GET TO KNOW OAKWOOD
Oakwood is an intimate residential community of interlocking, diverse neighborhoods. It is a highly walkable community with schools, shops, houses of worship, parks, and community services all within blocks. And it is a safe community, with historically low crime rates and citizens who watch out for one another. Oakwood kids walk or bike to school (no school buses needed in a city this size) and many walk home for lunch, or to the Gardner Pool at the Oakwood Community Center on summer days.
Oakwood isn’t just a city of neighborhoods, it’s a neighborly city. Merchants know their customers by name. Neighbors exchange news over coffee at Central Perc or Starbucks, in the aisles of Dorothy Lane Market, or while jogging or dog-walking along Shafor Boulevard. Mothers of young children find a welcome from the MOMs of Oakwood group, which offers playgroups, field trips, speakers, book and cooking clubs, and MOMs Night Out activities. From the New Resident Breakfast to the annual Ice Cream Social that kicks off the school year, from summer block parties to the holiday season Lighting Up of Oakwood, when flickering luminarias line streets lightly brushed with snow, you’ll find hundreds of ways to meet your new neighbors and be welcomed home.
Living in Oakwood means being part of a rich history. In the city’s 100+ years, it’s been home to technological and business innovators like Orville Wright – whose Oakwood home, Hawthorn Hill, is part of the National Aviation Heritage Area that recognizes the Dayton region as the birthplace of powered flight. Oakwood was also home to John H. Patterson, the visionary founder of NCR Corporation. Oakwood civil engineers, working in the aftermath of the tragic Dayton flood of 1913, helped develop modern levee and flood control systems that were implemented to save lives and property in riverside communities around the world.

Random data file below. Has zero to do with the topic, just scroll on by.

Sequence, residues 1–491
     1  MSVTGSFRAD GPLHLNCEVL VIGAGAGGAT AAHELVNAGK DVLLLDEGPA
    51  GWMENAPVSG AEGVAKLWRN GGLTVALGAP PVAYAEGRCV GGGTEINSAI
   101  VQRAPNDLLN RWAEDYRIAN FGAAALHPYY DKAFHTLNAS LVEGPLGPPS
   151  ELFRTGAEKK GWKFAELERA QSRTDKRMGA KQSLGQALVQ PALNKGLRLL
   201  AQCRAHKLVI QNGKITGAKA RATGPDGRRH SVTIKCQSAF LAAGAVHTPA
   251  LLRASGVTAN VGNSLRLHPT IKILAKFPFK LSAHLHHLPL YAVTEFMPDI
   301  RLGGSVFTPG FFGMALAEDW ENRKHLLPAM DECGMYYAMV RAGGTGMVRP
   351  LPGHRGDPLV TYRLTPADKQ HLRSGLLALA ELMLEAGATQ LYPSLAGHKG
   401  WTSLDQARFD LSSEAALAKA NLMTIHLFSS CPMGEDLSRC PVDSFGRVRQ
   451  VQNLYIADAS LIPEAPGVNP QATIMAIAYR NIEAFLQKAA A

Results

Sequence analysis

Oakwood’s history is focused on community, family, and quality of life. Scouting is big here, with Oakwood’s Troop 101 being one of the first chartered by the Boy Scouts of America. Tradition has it that the blue and gold of the Cub Scout uniform were drawn from Oakwood High School’s team colors. The first Soap Box Derby took place in Oakwood, too.
The 400 homes in Oakwood’s Schantz Park, an entire neighborhood listed on the National Register of Historic Places, are a textbook of architectural styles from the flourishing turn of the 20th century. The Oakwood Historical Society’s Long-Romspert Homestead, a living history museum, offers a glimpse of everyday life in America over the centuries. But your home doesn’t have to be listed on the Register to have the sense of history that comes from generations growing up in Oakwood, leaving for a time for college or career, and then returning to raise families or settle into active retirement.
In truth, Oakwood has never been about history for history’s sake. The community looks back with pride on a long tradition of forward thinking, a tradition you’ll step into when you cross the welcome mat. Come home to Oakwood, and make some history of your own.Today, city services go beyond the traditional, to include back door refuse and recycling collection and snow removal on public sidewalks. Public tennis courts, gardens and parks are among the finest anywhere.